Google's retooling of Google TV is also part of that push. The new version unveiled Friday has a simpler interface and new features that make it easier to browse the Internet for movies, television shows and videos. But analysts said the update probably won't sell more televisions and set-top boxes.
Google TV has not gained traction with consumers, many of whom complained that it was too complicated, clunky and expensive. IDC analyst Danielle Levitas called it "incrementally better."
Google says it has learned from the feedback from consumers.
In an interview this week, Rishi Chandra, director of product management for Google TV, said Google was not looking to replace broadcast or cable TV but rather to give viewers access to millions of channels the way cable gave viewers access to hundreds.
"Google flat out did not understand the media business and did not get the right partnerships in place," Gartner Research analyst Van Baker said. "Google is a technology company, not a media company. They are going to have to learn to walk before they can run."
Chandra says Google has tempered its expectations for Google TV in the short term.
"It's a marathon, not a sprint," Chandra said.
It's a marathon fueled by big ambitions. Google hired Kyncl, one of the key architects of Netflix's popular on-demand streaming service, as its ambassador to the studios to build bridges and craft deals. And it tried to buy online video site Hulu, which is owned by News Corp., Walt Disney Co., Comcast Corp. and private equity firm Providence Equity Partners.
Google is priming the advertising pump for when a critical mass of consumers watch online video on their television screens. The venture into TV has sharpened competition with Apple Inc. and Microsoft Corp.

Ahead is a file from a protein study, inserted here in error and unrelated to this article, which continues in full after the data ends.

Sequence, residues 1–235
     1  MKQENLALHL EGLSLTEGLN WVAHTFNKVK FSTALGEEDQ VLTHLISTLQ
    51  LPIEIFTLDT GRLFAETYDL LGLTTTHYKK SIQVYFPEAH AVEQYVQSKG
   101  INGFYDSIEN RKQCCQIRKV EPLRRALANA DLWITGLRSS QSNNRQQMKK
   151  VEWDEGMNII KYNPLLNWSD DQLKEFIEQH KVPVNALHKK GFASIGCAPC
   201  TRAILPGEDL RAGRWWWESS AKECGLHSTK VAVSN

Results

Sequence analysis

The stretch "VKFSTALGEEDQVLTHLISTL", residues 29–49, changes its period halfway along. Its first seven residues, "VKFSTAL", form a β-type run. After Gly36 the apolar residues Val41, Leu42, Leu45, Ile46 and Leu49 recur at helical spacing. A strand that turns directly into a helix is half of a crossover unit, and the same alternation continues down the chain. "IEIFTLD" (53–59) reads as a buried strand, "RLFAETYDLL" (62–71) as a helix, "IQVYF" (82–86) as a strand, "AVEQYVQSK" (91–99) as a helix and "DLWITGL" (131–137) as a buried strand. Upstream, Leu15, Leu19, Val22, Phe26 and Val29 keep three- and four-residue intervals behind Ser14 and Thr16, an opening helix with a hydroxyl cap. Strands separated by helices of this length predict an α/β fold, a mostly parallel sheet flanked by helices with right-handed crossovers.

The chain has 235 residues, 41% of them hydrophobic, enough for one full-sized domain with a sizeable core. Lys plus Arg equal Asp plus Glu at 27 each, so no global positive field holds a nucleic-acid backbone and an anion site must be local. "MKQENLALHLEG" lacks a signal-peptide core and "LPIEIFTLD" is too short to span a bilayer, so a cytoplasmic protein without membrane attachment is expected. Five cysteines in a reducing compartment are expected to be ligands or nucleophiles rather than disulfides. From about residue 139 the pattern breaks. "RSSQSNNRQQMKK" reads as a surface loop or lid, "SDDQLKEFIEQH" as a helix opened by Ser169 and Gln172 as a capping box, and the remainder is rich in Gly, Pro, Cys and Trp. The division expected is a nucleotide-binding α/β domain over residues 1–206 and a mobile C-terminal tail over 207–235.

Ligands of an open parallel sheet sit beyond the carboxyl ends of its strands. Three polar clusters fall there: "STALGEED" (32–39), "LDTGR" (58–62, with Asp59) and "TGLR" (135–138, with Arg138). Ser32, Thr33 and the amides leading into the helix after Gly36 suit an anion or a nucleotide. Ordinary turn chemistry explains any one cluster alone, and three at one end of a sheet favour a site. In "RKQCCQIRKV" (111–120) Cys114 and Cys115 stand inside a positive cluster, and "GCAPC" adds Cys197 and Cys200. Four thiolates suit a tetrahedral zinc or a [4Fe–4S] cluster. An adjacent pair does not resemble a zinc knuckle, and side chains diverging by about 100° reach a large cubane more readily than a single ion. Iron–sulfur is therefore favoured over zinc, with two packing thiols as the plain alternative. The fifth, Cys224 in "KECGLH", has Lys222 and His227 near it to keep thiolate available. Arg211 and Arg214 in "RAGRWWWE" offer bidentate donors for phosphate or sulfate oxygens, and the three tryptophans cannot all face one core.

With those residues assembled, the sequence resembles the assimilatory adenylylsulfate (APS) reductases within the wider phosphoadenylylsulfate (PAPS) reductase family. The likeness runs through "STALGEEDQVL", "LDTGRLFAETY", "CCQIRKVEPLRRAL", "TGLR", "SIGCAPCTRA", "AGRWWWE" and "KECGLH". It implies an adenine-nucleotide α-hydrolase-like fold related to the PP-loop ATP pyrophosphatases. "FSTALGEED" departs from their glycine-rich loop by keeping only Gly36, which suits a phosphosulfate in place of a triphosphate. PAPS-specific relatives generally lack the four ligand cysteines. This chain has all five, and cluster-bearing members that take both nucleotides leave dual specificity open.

It's unclear which of the technology players looking to crack the market will deliver on the promise of Internet television: the ability to watch any movie or show at any time streamed over the Web. Google already faces stiff competition from Microsoft with its Xbox gaming console and set-top boxes from Apple TV and Roku.
"The reality is that Google does not know all the answers. There are a lot of different players doing different things and they are all exciting," Chandra said. "They all validate the future we see of the Internet as a much bigger part of the TV experience."
The latest version of Google TV is built on a new operating system: Android's Honeycomb. And it has new tools for finding and recommending movies, TV shows and online videos, and makes it easier for software developers to create new apps for the television screen. Google has also redesigned the YouTube app to make online videos look like TV, not like the Web on TV.
The software upgrade will roll out to people who have Sony televisions on Sunday and to people who have Logitech devices thereafter, Google said. Google will roll out new devices from Samsung and Vizio in 2012.
Analysts say the new version is a step in the right direction but won't win over consumers yet.
"Is this going to cause everyone to race out and buy Google TV? I don't think so," Baker said.